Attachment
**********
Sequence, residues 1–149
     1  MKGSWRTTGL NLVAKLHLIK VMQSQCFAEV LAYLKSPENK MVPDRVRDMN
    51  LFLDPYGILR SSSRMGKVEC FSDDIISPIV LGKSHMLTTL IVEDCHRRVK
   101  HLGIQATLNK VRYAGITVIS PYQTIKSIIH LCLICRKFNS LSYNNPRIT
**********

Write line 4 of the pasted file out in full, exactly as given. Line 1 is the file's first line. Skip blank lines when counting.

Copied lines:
   101  HLGIQATLNK VRYAGITVIS PYQTIKSIIH LCLICRKFNS LSYNNPRIT